Almost 40 per cent of a durable company's sales are achieved during the festival season
This festive season may turn out to be a challenging period for consumer companies. Rising input costs, led by volatility in crude and currency, increased taxation, imminent price hikes and cautious buyer sentiment are at the heart of the grim outlook.
The central bank has also hiked interest rates twice this year, and could raise the repo rate again at its bimonthly monetary policy meeting next week.
This is expected to prompt consumers to hold purchases for now.
Home appliances makers indicated the same on Wednesday after a hike in basic Customs duty was announced.
“While this was to happen, it has come at the wrong time,” said Eric Braganza, president, Haier Appliances India.
"I will have to study the order in detail, but price hikes during the festival season are likely, which is not good news. No manufacturer will like increasing prices during this period because buyer sentiment will take a hit."
Almost 40 per cent of a durable company's sales are achieved during the festival season. For carmakers, 25-30 per cent of sales happen between August and October.
For fast moving consumer goods (FMCG) companies, on the other hand, the festival period is marked by a sharp increase in launches, promotions and general brand-building.
Volatility due to crude and currency is expected to force firms to rein in expenditure, as they strive to protect margins.
“When input cost pressures increase, price hikes become imminent. But this will be done judiciously,” Sunil Duggal, chief executive officer, Dabur India, said.
Suresh Narayanan, chairman and managing director, Nestlé India, said his company would look at selective price hikes.
Analysts say non-banking finance companies could see some cost pressures (owing to the crisis triggered by issues around IL&FS), resulting in higher interest rates for borrowers.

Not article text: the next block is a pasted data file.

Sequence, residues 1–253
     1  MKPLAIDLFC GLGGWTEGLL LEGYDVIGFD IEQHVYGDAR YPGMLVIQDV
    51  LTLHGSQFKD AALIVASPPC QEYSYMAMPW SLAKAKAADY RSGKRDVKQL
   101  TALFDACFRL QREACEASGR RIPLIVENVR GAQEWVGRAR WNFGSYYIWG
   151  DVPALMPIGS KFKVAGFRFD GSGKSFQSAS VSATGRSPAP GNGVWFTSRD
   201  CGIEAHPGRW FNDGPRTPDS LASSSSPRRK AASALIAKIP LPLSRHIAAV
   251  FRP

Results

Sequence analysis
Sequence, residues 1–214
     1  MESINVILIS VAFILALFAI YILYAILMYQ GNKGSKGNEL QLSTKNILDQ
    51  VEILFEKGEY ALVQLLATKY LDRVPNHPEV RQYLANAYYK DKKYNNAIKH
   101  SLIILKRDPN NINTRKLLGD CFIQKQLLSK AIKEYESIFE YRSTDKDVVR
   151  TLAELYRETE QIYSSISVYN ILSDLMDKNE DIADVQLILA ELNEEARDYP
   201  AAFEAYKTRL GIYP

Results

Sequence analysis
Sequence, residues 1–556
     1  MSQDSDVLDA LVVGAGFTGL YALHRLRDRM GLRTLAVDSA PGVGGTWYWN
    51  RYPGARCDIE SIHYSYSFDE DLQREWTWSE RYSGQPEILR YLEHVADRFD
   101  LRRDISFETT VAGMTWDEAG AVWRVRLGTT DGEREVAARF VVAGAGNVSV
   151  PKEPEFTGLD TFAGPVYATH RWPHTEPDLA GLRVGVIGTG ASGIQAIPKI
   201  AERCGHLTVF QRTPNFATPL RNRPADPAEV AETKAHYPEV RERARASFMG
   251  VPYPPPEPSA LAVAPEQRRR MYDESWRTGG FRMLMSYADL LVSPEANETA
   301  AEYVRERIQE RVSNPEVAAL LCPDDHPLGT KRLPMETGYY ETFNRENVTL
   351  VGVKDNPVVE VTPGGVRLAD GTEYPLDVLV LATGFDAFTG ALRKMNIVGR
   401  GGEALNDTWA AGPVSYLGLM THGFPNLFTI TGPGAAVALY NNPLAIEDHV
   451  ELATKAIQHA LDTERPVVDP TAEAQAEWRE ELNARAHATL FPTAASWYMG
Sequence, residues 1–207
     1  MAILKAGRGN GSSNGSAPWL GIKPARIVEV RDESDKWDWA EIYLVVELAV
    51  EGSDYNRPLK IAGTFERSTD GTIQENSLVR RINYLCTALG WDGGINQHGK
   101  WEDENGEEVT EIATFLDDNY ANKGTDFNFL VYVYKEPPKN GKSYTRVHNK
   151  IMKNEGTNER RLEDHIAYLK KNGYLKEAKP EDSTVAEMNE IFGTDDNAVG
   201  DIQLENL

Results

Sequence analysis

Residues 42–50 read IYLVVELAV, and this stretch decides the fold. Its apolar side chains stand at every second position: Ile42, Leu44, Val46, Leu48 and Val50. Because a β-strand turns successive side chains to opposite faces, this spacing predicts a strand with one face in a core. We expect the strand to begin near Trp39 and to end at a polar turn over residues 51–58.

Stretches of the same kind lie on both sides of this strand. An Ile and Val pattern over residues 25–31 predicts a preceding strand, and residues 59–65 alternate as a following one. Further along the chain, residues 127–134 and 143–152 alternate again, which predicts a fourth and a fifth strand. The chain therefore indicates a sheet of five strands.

Since June, the rupee has depreciated over 6 per cent to the US dollar amid domestic and global trade war concerns.
Durable and auto firms are impacted hard by currency volatility, as raw materials (such as metals and plastic) and component prices are benchmarked against the dollar.
Most durable firms, including LG, Haier and Godrej, have already increased prices by 3-5 per cent this month.
Panasonic India is also expected to increase product prices by 2-3 per cent.
Maruti Suzuki, the country's largest carmaker, increased prices across its models by up to Rs 6,100 in August and Toyota Kirloskar hiked prices of products by 2-3 per cent this month.
The basic Customs duty hike will force firms to go for another round of price hikes in October.
The hardest hit are air conditioner makers, grappling with a peak goods and services tax rate of 28 per cent.
They were expecting it would be reduced in the last GST rate rationalisation announced in July. But their wait is getting longer and harder.
“We will go in for a price hike in October to mitigate pressures due to rupee volatility.
"The Customs duty hike will force us to evaluate our inventory position sooner than later, pushing us to consider another round (of price hikes) in December-January,” B Thiagarajan, joint managing director, Blue Star, said.
Since September last year, durable majors have taken at least three rounds of price hikes due to back-to-back increase in duties.
Companies said a new round of hikes will mean an effective increase of 15-20 per cent in product prices since last September, which hardly bodes well from the point of view of sales.
Car firms, in the interim, are battling high inventory levels at dealerships, as consumers stay away due to high fuel and borrowing costs.
According to analysts, on an average dealers today are carrying inventory of a month-and-a-half versus a month earlier, implying sales are slowing down.
Photograph: Dinuka Liyanawatte/Reuters